Homeschooling, Recommendations

Getting A Different View

I’ve been working like a maniac the past week or so trying to plan out every last detail of school after the baby is due.  I’ve scheduled in a three-week break, but hoping to get back on the horse again thereafter and get some real work done before Christmas.

And it’s so much easier if you have a plan.  No excuses.

Generally, I plan out a workbook at a time or so, a very rolling process—this is what my weekly planner looks like, and I try to make sure it’s finished before I need it, with no blanks, which sometimes means taking 10-30 minutes at a time to “load up” the next set of assignments if we’re drawing to the end of a book.

Homeschool Planet™

There’s not anything preventing me from entering months of assignments at a time, though, and that’s what I’ve been doing.  Some subjects will be wrapping up in October, so I had to get out the next books to plot them out, and some more subjects in December, and so more books.  Books to preorder, programs to coordinate—basically, heaps of planning now in hopes that no matter how rough our November and December might go, we will yet be able to redeem the time. (I should probably add that it’s super-easy to change days to “vacation” or change vacation days to “school,” or reschedule a bunch of days at once, etc.)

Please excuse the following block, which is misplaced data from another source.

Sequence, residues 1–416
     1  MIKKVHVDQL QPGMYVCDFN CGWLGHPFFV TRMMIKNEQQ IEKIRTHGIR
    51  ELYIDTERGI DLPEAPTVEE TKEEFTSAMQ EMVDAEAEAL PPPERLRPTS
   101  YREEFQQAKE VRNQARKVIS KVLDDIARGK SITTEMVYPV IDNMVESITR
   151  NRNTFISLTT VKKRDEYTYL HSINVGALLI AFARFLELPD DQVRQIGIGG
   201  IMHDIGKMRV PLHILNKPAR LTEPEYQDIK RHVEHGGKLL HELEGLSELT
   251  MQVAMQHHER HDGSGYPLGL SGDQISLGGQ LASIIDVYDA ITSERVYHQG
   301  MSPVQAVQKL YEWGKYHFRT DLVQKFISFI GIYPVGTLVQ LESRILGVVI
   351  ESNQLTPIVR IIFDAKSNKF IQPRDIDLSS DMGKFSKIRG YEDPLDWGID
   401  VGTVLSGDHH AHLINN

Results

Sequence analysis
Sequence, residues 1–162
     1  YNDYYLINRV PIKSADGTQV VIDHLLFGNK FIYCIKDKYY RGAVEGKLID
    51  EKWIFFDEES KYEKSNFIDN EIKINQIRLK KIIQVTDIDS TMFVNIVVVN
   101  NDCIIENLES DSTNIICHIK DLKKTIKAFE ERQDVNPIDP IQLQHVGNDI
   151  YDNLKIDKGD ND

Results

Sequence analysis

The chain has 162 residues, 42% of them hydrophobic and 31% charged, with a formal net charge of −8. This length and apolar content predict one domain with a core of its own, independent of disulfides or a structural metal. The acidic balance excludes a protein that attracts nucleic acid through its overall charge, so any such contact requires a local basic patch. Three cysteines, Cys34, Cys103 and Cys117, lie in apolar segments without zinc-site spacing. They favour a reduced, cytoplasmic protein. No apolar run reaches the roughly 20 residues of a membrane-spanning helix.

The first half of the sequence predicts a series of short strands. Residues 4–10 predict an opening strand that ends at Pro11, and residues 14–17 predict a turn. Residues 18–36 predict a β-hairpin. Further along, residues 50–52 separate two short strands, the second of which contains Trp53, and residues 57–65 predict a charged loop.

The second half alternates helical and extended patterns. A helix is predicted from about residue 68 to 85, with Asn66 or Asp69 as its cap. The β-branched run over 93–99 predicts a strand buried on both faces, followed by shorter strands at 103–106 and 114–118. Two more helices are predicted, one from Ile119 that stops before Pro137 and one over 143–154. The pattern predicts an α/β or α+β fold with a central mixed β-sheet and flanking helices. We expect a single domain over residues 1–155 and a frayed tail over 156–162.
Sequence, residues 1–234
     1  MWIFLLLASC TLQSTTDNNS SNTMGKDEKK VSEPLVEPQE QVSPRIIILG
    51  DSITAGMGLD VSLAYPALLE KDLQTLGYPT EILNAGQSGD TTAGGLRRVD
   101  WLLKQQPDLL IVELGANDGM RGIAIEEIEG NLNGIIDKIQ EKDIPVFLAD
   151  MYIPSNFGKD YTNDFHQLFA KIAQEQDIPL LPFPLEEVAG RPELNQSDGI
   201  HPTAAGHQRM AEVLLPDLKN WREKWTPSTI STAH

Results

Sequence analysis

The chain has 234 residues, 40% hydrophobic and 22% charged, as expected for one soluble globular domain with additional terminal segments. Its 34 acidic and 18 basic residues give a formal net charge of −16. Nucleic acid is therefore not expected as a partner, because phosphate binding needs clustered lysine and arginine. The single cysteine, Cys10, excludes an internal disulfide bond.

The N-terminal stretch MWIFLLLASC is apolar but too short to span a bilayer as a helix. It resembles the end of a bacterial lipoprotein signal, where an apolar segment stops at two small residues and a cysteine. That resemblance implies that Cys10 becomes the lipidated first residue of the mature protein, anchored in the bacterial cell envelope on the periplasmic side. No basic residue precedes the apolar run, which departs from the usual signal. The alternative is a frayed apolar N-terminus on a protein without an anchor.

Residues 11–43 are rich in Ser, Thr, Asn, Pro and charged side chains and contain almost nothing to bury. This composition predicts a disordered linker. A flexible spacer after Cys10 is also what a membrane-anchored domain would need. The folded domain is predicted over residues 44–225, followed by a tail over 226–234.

Anyway, in the process of this, I hit upon the odd idea of making up a really long-view schedule.  Our kids are all in slightly different spots in their own curricula, not to mention that they aren’t in synch with each other or with the “normal” school year, so, while I do keep track that we’re making appropriate progress, I hadn’t sat down and sketched out when all our subject-grade-transitions should theoretically happen for the next couple of years, such that I could point my finger at a calendar of, say, October 2016, and said, this child will be in this book for English, and this book for math, and this book for English, and that child will be in this book by that point, and so on.

So that’s what I did.  Each child is a color, each row is a calendar month, each column is a subject, and each shade is a course.  I can look up “April 2016” on the left and look across the row to see which course each child should roughly be doing at the time.  (I obviously didn’t detail every single subject—and some of them are combined, like grammar and spelling are “LA.” And some of them contain multiple children—science is the first green column, history/geography/literature is the first blue column.)